“If we focus exclusively on women as victims, not as agents of the peace, we will fail to invest in a major driver of recovery, which is women’s leadership for peacebuilding.”
— UN Women Executive Director Michelle Bachelet

A devastating silence

Women and children account for the majority of those adversely affected by armed conflict. They suffer disproportionately during and after war, as so often existing inequalities are magnified, and social networks continue to break down, making them more vulnerable to sexual violence, exploitation, and poverty.

Violence against women in conflict is severely underreported. In cases of sexual violence, survivors face severe medical complications and psychological trauma. They often cease contributing to the economy within their area and are crippled by shame and stigmatization from their community.

However, seeing survivors of violence as helpless victims does damage to onlookers and to the survivors themselves. In fact, when she survives such dangerous circumstances and experiences, her full inclusion in the leadership of the community, and the peace-building process, before and after conflict erupts, becomes essential!  Sadly, even though women make up 50 percent of the population, they are often excluded from conflict resolution.

Our problem is too much silence. Hers and ours. Will you raise your voice, so that the world can hear hers? 

•       It is estimated that 35 per cent of women worldwide have experienced either physical and/or sexual violence or sexual violence at some point in their lives.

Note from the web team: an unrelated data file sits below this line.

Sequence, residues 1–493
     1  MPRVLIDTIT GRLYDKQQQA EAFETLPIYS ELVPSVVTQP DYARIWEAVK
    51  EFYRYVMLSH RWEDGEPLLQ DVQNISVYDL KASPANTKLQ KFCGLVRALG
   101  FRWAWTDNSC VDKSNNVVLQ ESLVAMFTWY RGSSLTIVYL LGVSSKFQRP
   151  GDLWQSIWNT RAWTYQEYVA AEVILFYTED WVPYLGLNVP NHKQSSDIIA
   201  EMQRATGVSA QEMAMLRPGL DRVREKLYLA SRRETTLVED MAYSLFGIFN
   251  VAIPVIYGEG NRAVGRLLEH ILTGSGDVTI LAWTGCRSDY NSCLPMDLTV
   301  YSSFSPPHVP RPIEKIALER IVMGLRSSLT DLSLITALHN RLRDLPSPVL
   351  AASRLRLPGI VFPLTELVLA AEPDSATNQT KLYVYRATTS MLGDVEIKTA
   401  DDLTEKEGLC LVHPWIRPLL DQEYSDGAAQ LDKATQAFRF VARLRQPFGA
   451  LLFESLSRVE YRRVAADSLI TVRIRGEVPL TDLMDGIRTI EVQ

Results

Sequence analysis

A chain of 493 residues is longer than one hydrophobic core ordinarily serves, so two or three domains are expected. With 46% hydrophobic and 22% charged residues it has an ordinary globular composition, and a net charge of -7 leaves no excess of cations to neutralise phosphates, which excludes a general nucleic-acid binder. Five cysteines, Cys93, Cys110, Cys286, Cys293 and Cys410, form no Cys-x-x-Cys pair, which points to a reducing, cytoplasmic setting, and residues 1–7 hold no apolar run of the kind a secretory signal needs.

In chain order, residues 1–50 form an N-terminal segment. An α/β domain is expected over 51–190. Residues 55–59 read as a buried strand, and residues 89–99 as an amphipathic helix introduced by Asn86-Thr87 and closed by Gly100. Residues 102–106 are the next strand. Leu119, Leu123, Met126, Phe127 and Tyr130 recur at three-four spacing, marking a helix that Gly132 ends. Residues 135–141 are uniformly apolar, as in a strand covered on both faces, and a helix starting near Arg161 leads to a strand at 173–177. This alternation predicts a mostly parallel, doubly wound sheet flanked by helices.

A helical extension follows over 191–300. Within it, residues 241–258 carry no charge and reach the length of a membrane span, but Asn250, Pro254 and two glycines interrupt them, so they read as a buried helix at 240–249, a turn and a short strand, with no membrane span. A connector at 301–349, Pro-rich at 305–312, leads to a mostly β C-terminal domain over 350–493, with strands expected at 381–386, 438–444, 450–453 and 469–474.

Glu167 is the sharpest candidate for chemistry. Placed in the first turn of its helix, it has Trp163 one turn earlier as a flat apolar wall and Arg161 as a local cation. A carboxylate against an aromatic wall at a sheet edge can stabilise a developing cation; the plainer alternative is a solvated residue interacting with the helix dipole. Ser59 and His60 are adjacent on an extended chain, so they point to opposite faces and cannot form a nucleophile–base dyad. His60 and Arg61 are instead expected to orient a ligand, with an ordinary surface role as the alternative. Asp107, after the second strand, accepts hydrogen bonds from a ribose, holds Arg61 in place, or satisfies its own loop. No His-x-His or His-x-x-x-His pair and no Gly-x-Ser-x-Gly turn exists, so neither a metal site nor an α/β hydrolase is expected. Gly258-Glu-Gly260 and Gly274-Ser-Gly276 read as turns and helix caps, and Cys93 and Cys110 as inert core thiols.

•       Evidence suggests ethnicity, disability status, or sexual orientation and contextual factors, such as humanitarian crises, including conflict and post-conflict situations, drastically increase women’s vulnerability to violence. 

•       Worldwide, 50% of sexual assaults are committed against girls under the age of 16. 

•       Sexual violation of women erodes the fabric of a community in a way that few weapons can. Rape damages individuals, families and entire communities, devastating societies that see women as the guardians of a community's cultural and spiritual values. Breaking women breaks the village, and breaking the village breaks the culture, making it easier for invading forces to take control of human and natural resources.

•       Nearly 80 per cent of the 53 million people uprooted by wars today are women and children. When fathers, husbands, brothers and sons are drawn away to fight, they leave women, the very young and the elderly to fend for themselves. 

•       Girls and women can be subject to forced prostitution and trafficking during times of war, sometimes with the complicity of governments and military authorities.  

Sources:  UNWomen, UNICEF, and Human Rights Watch

Photo: Benjamin Edwards/ World Relief

Photo: Benjamin Edwards/World Relief



The International Response

In 2000, The United Nations Security Council adopted Resolution 1325 on Women, Peace and Security. For the first time, the international peace and security agenda focused on conflict’s disproportionate impact on women and the need for women’s involvement in conflict resolution and peacebuilding.

Fifteen years later, violence against women as a weapon of war and as a means of forcibly displacing people is still an ongoing trend. Secretary General Ban-Ki Moon has advised the international community that high-level advocacy alone will not suffice: grassroots-level peace must be established.

Photo: Sean Sheridan/ World Relief

Photo: Sean Sheridan/World Relief


Header Image: Sean Sheridan/World Relief